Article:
No more than (probably) eight days after their visit to Katyn, Stevenson had been removed to an unknown site, while shortly after that the two American officers, Van Vliet and Stewart, were returned to Oflag IX A/Z. Major changes were afoot in the Oflag, as the Germans were preparing to comply with the Hague Convention and were preparing a camp, in what was formerly Poland, but now incorporated into the Reich, and which had housed French officers to hold the Americans who were now flowing into the Reich after being captured in battle.
The last POW to be held in Berlin was Dr. Gilder, although, if he had been accompanied by David Suttie, the New Zealander, it would have made sense, because then the Germans would not have held him alone. As earlier mentioned, I have hypothesized that David Suttie was one of the Other Ranks brought to Katyn, and my reasoning flows as follows:
· In his November 1944 report Dr. Gilder mentions David Suttie by name as the person who was to have accompanied him. The question arises, why, in a reasonably short report, would Gilder mention the name of a person who DID NOT accompany him?
· During the stay in Berlin, Dr. Gilder mentions a batman who serviced the officers and states that he was a New Zealander.
· In his report to the Polish underground, Dr. Wodziński clearly states that a New Zealander was present.
· Finally, Witold Kawecki, the journalist who joined the group on that leg of the Wroclaw-Katyn segment of the flight, mentions an Australian in the group – perhaps New Zealand’s linkage to Australia in the British Empire allowed him to compound the two.
Perhaps, and admittedly, this is an enormous supposition, it is Sergeant Suttie, attired in British battle dress, who is visible on one of the photos included as an exhibit in the Madden Hearings. This is the only enlisted man who does not turn his face away from the autopsy being conducted before the group, which response could only be ascribed to his work in the hospital both in New Zealand and in Rottenmunster.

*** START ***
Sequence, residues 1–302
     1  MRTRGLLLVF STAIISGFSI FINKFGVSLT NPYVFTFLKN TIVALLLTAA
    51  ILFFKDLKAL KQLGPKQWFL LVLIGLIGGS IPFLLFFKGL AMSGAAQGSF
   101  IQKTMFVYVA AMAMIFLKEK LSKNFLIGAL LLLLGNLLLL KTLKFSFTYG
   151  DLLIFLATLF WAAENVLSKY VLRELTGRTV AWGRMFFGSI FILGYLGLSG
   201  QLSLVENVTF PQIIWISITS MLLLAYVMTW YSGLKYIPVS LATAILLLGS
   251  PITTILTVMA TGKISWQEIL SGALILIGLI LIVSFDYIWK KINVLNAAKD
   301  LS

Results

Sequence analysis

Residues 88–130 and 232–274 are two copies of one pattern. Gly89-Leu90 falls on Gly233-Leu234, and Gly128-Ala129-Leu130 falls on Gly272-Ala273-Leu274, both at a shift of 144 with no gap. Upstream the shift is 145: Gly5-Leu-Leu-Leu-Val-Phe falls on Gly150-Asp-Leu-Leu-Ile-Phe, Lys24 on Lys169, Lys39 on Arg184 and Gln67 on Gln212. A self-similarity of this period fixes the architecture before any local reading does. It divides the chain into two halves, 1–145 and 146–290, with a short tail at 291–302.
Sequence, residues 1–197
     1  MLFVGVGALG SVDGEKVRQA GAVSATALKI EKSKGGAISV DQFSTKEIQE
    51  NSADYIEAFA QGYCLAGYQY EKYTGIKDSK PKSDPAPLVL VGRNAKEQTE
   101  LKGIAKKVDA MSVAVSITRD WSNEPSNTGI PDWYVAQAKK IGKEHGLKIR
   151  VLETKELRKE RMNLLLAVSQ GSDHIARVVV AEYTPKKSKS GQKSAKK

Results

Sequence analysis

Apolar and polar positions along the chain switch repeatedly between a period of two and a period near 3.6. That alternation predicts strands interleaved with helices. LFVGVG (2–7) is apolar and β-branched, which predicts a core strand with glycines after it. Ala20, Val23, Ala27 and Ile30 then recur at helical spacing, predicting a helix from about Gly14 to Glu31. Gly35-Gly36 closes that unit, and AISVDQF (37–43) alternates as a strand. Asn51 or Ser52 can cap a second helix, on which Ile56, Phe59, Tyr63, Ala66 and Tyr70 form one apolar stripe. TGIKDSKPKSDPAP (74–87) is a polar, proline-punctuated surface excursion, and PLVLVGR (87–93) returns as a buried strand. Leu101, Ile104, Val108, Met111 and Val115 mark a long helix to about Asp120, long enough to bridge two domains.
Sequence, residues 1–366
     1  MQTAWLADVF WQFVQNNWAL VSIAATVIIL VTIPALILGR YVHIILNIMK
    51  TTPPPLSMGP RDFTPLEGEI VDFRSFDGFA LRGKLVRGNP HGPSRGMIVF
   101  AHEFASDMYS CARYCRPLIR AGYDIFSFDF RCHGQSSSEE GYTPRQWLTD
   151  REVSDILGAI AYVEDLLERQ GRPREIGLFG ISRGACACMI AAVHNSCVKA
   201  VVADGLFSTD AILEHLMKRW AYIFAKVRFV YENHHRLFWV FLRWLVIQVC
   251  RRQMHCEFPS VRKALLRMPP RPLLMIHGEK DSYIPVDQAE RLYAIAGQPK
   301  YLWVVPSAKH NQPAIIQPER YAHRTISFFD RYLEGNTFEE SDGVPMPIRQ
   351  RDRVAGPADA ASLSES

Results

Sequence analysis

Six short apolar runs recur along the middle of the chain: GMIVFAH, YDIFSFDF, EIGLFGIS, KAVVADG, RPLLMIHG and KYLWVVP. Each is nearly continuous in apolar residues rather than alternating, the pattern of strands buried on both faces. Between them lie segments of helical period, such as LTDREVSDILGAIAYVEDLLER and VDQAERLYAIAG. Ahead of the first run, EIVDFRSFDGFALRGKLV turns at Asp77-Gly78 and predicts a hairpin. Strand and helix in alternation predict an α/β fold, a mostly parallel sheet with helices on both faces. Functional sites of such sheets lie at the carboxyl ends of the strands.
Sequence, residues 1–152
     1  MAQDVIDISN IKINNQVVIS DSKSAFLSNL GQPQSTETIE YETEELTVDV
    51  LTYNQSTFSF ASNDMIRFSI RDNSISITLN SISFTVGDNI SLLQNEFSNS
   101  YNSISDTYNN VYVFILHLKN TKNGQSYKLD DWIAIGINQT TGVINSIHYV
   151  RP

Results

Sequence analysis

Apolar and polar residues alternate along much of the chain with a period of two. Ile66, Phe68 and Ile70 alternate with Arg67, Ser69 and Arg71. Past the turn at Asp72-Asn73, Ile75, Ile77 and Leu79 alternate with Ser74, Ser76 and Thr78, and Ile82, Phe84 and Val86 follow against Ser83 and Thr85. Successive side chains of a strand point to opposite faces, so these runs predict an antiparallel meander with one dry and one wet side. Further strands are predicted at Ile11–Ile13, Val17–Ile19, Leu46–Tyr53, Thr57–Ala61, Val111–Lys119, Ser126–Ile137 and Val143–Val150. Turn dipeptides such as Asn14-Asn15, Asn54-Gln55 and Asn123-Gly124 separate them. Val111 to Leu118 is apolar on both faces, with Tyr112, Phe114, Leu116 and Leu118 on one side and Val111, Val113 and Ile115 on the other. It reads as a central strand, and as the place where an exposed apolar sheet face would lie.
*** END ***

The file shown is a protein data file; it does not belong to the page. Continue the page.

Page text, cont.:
It is during these last days in Berlin that Dr. Gilder discovered that Stevenson had been sent to a separate location, from which he was later sent to Bologna, Italy.
Van Vliet only noted, and that in his recreated report, and not his 1952 testimony, that
One afternoon Lt. Col. Stevenson was bundled off by the Germans on about ten minutes notice. He seemed very surprised and quite uneasy as he left the Jail. We never saw or heard of him again.
However, there was no public testimony to this matter, and the report was simply placed in the record and not read into the record. It must be noted that there are several other cases during the Madden Commission Hearings when material, which might require greater discussion and lead to difficult issues, is simply placed in the record – and not read into it.
Neither did Stewart, despite not being accompanied by a US Army counsel, as the rest of the military witnesses were, make any comment pertaining to Stevenson’s removal from the Arbeit Lager in Berlin during his testimony some four months earlier. (Although generally officers were held in Oflags or Officer Lagers – the witnesses were quite clear in their reports/testimony that this was an Arbeit Lager – presumably one for individuals who were willing to cooperate with the Germans – thus the decision of the Germans to locate the witnesses there – which indicated a desire to keep them apart from any other group of POWs which was not cooperating with the Germans.).
© Krystyna Piórkowska